Let’s talk about beliefs – specifically, beliefs that don’t serve our best interests.
You’ve got them. I’ve got them. We just forget they are there sometimes because they live below the surface of our consciousness. Lurking. Waiting to trip us up. Keeping us from what we want.
Simple words that keep ugly little messages in our heads like:
- I will never have enough money.
- My job bites.
- I am getting old.
- No one understands me.
- I’m overweight.
- My co-workers are stupid.
These beliefs influence the way we approach our days – and, ultimately, the way we approach our lives.
One of the things I treasured most about my interview with Martha Beck last week was her suggestion that we hold our beliefs “lightly” and that we not give them so much weight or credence.
But how is that actually done??
According to Martha, one way to do it is to allow ourselves to see that the opposite of what we believe is also true.
By seeing that the things we believe to be true may also be false, we force the verbal brain to relinquish its obsessive belief that it knows the “right way,” or “how things should be.” This throws us out of our preconceptions and into pure perception and observation, into a state of open-mindedness. ~ Martha Beck, Finding Your Way in a Wild New World
So, let’s give that a try with the examples I noted above (these are not necessarily my beliefs – they are intended to illustrate how our “belief” thinking could work):
- I will ALWAYS have enough money.
- My job ROCKS.
- I am getting YOUNG.
- EVERYONE understands me.
- I’m NOT overweight.
- My co-workers are SMART.
Feeling some resistance? I bet.
But step back and look at those statements and see if you can allow yourself to discern their truth with an open-mind.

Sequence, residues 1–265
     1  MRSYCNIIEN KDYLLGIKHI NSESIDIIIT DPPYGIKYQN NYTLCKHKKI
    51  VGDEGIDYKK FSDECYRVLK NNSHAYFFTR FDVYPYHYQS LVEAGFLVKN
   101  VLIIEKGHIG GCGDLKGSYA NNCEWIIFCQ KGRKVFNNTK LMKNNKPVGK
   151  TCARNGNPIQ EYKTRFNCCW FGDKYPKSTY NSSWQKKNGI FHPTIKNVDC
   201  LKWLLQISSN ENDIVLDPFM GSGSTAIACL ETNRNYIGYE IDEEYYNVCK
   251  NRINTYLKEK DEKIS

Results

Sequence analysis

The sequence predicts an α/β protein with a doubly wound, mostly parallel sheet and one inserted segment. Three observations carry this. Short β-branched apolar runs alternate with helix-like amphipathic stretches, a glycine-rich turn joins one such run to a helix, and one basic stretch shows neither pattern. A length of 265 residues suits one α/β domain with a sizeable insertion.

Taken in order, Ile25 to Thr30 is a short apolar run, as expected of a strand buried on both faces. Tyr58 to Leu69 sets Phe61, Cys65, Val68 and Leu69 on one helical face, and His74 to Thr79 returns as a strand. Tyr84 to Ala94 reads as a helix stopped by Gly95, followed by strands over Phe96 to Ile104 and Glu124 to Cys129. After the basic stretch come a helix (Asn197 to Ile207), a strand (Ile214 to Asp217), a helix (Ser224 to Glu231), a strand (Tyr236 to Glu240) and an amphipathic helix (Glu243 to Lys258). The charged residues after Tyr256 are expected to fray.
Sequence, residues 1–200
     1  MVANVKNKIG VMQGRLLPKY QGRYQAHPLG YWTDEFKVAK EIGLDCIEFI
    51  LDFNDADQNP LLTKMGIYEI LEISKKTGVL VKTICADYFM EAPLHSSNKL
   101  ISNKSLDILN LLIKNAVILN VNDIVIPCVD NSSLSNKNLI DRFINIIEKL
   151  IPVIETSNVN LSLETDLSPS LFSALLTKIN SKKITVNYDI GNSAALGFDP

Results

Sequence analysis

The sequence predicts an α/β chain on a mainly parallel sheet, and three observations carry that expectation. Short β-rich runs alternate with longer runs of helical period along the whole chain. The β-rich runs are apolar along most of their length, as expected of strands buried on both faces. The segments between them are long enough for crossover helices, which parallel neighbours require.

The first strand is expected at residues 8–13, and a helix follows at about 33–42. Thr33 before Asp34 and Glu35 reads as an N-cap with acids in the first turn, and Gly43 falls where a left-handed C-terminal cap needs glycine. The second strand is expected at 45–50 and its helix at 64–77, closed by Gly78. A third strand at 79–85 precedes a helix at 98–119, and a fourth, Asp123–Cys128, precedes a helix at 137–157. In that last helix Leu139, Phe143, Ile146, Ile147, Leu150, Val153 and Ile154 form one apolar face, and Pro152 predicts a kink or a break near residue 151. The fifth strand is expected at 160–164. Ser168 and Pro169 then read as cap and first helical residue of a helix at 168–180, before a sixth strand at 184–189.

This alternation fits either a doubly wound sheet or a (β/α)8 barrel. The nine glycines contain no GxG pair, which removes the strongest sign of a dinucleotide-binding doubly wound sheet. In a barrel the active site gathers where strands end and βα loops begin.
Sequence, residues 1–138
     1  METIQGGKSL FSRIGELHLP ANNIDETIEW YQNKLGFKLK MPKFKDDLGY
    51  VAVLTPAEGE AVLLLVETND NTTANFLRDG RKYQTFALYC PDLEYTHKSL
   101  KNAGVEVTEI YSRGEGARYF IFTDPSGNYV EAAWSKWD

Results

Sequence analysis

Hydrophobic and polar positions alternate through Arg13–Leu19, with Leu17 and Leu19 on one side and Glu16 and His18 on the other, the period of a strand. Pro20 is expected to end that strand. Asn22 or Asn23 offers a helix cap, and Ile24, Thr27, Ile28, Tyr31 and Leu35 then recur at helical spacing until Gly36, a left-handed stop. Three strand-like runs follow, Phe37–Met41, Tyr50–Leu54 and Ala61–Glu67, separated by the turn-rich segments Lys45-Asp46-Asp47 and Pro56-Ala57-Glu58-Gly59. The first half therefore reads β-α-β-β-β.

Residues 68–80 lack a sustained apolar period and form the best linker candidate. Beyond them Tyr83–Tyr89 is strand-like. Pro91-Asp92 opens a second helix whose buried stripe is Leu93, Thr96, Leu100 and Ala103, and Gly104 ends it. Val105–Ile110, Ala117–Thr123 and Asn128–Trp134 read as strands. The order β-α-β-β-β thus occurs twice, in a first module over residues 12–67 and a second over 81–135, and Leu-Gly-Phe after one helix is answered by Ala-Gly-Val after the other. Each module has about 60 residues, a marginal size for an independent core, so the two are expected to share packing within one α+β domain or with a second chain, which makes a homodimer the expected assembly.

This can take a bit of work, depending on what beliefs you are playing with, but you can get there. By way of example, our new opposite truths might look something like this:
- Yes, I will always have enough money because I always have had. I’m still here, aren’t I?
- Yes, my job does rock. It allows me to eat, buy clothes, and talk with interesting people. Shall I go on?
- Yes, I am getting “young.” Every day I learn new things or open my mind to more possibilities – things I hadn’t even considered when I was 18.
- Yes, everyone understands me – especially when they get a chance to talk with me, one-on-one.
- Yes, I am not overweight because I am not my weight. I am simply me.
- Yes, my coworkers are smart. I just haven’t taken the time to focus on their particular brilliance.
Still feeling a bit of resistance??
That’s OK. Most likely, you are having trouble believing the words.
And, that is exactly Martha’s point.
We have allowed words to be the “truth” about ourselves when the real truth lies elsewhere – namely, in our experience.
Words – or language – are arbitrary. Words are something we have assigned to give meaning to experiences so that we could all communicate in some way. But, the words, in and of themselves, are not our truth.
Truth itself is something you live, not something you think…. Talking about [words] isn’t enough to experience them; in fact, it often becomes a barrier to real experience by convincing us we know something truly when we really only know it verbally. To avoid this mind trap, cultivate the ability to identify, or even create, paradoxes in your everyday thinking. In other words, whenever you find yourself believing a statement is true, identify ways that its opposite could also be true. ~ Martha Beck, Finding Your Way in a Wild New World
Go live your truth.
Leave the words behind.
Open the pathways to new possibilities and new ways of being.
Try the “opposite is also true experiment” – I’d love to know what your experience of it is. Please share in the comments!